Carnival float catches fire, killing 4 in Brazil

February 12, 2013

Stan Lehman – The Miami Herald, 02/12/2013

SAO PAULO — A fire on a Carnival float has killed four people and injured five in the Brazilian port city of Santos.

A fire department official says the float caught fire shortly after the Sangue Jovem samba school ended its parade at dawn on Tuesday. He spoke on condition of anonymity because he was not authorized to speak to the press.

He says three of the victims were pushing the float. A woman watching the parade was the fourth. The condition of the five injured was not immediately known.

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Even the Carnival Can’t Save Brazil From a Slump

February 11, 2013

Holly Ellyat – CNBC, 02/11/2013

As raucous Latin American rhythms, colorful processions and street parties go, Brazil’s Carnival is among the best, but Citigroup’s strategy team is questioning whether the party for Brazil’s economy could be over before it’s really begun.

The five days of celebrations began over the weekend against a backdrop of national pride and optimism. The main carnival in Rio de Janeiro contributes $628 million to the country’s economy and has added around 250,000 temporary jobs. The world-famous samba parade of exotically dressed “carnival queens” and bands generated $42.8 million in ticket sales, advertising and TV rights.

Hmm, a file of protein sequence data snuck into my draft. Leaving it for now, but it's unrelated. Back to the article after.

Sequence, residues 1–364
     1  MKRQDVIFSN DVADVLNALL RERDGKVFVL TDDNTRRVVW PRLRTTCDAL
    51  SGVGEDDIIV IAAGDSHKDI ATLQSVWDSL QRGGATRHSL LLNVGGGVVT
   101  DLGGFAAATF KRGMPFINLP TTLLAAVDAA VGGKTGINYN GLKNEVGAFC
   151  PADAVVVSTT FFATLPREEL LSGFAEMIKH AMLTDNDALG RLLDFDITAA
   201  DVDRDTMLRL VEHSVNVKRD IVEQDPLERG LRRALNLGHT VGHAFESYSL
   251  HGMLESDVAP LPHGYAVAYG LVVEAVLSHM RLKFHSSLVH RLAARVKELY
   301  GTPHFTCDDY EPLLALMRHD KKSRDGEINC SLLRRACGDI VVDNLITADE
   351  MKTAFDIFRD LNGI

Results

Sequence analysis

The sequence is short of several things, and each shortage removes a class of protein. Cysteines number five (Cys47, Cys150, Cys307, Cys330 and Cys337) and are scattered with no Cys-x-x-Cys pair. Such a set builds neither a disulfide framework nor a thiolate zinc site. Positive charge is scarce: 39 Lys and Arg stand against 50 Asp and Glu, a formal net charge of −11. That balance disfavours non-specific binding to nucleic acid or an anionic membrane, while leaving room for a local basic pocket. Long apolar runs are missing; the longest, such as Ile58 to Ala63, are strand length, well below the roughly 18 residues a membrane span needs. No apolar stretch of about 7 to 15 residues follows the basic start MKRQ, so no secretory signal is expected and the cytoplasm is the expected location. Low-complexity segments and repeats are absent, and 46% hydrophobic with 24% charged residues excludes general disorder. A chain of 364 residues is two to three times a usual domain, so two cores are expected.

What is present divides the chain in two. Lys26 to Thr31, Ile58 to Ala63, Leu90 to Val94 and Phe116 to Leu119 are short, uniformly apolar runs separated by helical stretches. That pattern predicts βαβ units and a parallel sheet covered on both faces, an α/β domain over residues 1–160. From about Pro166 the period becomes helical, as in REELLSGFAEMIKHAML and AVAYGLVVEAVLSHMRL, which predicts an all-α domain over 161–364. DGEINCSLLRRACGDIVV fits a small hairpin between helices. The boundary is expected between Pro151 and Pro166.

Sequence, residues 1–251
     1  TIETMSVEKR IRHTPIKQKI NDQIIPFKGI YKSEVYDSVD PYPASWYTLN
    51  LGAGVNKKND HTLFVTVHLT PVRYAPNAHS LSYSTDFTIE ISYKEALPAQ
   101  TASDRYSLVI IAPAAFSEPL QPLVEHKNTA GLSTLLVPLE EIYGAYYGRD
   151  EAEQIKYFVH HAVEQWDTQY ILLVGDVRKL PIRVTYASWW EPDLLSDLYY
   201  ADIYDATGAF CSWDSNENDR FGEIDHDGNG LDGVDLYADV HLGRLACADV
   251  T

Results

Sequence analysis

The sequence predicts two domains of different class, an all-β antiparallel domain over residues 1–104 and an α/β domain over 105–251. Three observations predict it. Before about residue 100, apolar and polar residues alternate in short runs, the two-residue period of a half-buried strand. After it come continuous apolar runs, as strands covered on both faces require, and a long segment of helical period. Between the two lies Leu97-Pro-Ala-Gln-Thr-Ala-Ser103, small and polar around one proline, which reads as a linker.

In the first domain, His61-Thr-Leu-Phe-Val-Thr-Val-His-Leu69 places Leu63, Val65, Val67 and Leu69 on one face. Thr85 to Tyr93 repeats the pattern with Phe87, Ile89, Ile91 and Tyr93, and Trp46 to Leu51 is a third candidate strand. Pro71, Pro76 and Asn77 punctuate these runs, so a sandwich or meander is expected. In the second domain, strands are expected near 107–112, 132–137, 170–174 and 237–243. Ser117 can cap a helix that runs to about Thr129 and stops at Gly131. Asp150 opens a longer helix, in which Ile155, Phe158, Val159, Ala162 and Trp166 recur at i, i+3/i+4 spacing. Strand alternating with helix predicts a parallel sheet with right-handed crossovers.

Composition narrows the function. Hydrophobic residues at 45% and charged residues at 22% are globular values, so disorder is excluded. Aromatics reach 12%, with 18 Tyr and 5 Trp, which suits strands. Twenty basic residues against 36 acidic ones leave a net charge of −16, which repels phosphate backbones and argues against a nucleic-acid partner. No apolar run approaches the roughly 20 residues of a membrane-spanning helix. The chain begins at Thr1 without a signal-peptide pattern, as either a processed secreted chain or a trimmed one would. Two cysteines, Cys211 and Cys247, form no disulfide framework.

But the celebrations come as economic growth slowed to less than one percent in 2012. At the same time, inflation risks are rising and the currency has strengthened – providing warning signs that all is not well for the “BRIC” economy.

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Brazil Carnival: Rooted in ancient rites of spring and pleasures of wine

February 6, 2012

Sophy Nie – Shanghai Daily, 02/06/2012

CARNIVAL comes from the Latin words carne meaning flesh and vale, meaning farewell. Thus, it’s farewell to pleasures of the flesh until after Easter.

The festival dates back to the ancient Greek spring rites and celebration in honor of Dionysus, the god of wine. Romans honored their wine god Bacchus and revelry was unrestrained. Participants often wore masks, danced and cavorted. Such Bacchanals were linked with the Roman Saturnalia, when masters and slaves would exchange clothes for a day of drunken revelry.

The Roman Catholic Church modified the Saturnalia into a festival leading up to Ash Wednesday, and it quickly evolved into a massive celebration of indulgences.

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